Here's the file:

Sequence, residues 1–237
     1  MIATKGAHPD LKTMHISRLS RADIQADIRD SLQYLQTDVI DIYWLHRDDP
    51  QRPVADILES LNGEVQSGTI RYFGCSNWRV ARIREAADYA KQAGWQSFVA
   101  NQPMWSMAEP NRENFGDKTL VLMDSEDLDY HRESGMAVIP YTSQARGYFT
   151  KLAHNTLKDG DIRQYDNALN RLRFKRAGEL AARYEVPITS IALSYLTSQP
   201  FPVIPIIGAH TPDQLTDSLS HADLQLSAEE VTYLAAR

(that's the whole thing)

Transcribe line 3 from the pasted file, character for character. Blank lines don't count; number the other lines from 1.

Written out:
    51  QRPVADILES LNGEVQSGTI RYFGCSNWRV ARIREAADYA KQAGWQSFVA